Home-based Education Growing in Popularity
By Carole Hornsby Haynes, Ph.D. | October 22, 2015 National Center for Policy Analysis
With the failure of the government school monopoly in the 20th century, tension is building between advocates for parental choice and those for federal centralization of power over education.
Underlying the education debate is the debate over the family. The real question is whether the technocratic state has primary authority over the rearing of children with “education experts” determining what is best for someone else’s child.
The role of parents has been supplanted by the government school monopoly, which by design has undermined the family unit. The federal government is pulling out all stops to add yet another government grade level to its already failed 13 -- universal pre-K. More government control over ever younger children will further undermine the family unit. Because destruction of the family is directly correlated to poverty, this is of great significance to the economic health of our nation.
On the other hand, universal school choice will strengthen the family unit and return the primary role of education to parents.
As the options of school choice grow, one that is increasing in popularity is homeschooling. No longer is it the domain of the very rich, the religious “kooks,” and the “weirdos.” Now there is broader ethnic and cultural diversity among homeschooling families with about 15 percent of homeschool families being non-white / non-Hispanic.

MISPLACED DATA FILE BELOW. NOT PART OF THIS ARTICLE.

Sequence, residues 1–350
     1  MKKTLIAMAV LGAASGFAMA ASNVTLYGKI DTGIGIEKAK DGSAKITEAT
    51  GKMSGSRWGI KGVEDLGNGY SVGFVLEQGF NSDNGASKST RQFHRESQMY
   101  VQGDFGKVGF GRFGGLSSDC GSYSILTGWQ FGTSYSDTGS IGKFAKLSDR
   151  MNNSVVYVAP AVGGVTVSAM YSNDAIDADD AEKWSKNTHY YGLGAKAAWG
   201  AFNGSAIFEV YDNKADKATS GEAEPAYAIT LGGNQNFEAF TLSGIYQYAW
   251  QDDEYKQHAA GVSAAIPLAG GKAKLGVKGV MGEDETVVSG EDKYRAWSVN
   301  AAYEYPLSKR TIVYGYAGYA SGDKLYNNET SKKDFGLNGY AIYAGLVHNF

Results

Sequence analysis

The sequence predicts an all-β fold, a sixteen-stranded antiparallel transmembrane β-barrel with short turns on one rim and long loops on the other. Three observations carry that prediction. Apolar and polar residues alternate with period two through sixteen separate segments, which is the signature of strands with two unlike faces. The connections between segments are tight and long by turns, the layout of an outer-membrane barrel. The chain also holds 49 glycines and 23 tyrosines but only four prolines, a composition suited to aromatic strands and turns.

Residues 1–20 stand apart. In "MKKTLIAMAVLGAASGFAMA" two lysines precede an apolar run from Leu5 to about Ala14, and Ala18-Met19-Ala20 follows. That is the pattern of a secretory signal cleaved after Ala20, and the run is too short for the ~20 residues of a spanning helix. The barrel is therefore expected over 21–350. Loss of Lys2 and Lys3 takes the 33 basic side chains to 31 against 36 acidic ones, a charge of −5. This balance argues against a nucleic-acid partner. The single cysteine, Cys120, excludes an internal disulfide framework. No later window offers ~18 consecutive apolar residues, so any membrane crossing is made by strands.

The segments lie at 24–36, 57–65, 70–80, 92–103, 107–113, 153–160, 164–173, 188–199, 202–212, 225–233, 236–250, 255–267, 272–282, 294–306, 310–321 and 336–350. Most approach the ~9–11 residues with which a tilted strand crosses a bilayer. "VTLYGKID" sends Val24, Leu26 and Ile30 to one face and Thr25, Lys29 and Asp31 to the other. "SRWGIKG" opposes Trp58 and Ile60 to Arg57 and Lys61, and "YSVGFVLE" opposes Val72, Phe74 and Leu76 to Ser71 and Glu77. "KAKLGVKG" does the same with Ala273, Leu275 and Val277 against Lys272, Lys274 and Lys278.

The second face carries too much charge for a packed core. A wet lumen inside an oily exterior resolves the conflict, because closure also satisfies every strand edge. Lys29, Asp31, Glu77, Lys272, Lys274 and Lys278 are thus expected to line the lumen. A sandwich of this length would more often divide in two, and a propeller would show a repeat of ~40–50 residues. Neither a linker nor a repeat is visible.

According to the National Center for Education Statistics (NCES), the number of home-educated children has risen from 1.09 million in 2003 to 1.77 million in 2012, comprising 3.4 percent of the nation’s school population.
The National Home Education Research Institute (NHERI) estimates that about 2.2 million children are being homeschooled in the U.S. with the number growing in many other countries.
The NHERI lists these as the most common reasons for homeschooling:
- curriculum and learning environment can be customized;
- more accomplished academically than in schools;
- can use alternative pedagogical approaches;
- fosters family relationships;
- provides guided and reasoned social interactions with peers and adults;
- safer environment without physical violence, drugs, alcohol, psychological abuse, and improper and unhealthy sexuality associated with institutional schools; and
- can teach a particular set of values and beliefs.
The scores of homeschooled students are impressive, both academically and for social, emotional, and psychological development. Academically, home-educated students
- score 15-30 percentile points above public school students whose average scores on standardized academic achievements tests are at the 50 percentile,
- score above average on achievement tests regardless of their parents’ level of formal education or their family’s household income, and
- score above average on the SAT and ACT tests used by some colleges consider for admissions.
For social, emotional, and psychological development, homeschoolers also score above average.
The research on life in the adult world for those homeschooled versus the general population indicates greater participation in local community service, more frequent voting and attending public meetings, graduation from college at an equal or higher rate, and perpetuation of their parents’ values and beliefs at a high rate.
For those who whine that school choice will be the death knell of public education, the facts on school choice and home schooling seem to indicate that, indeed, universal school choice is just what America needs.
Copyright 2015 Carole Hornsby Haynes, Ph.D. All rights reserved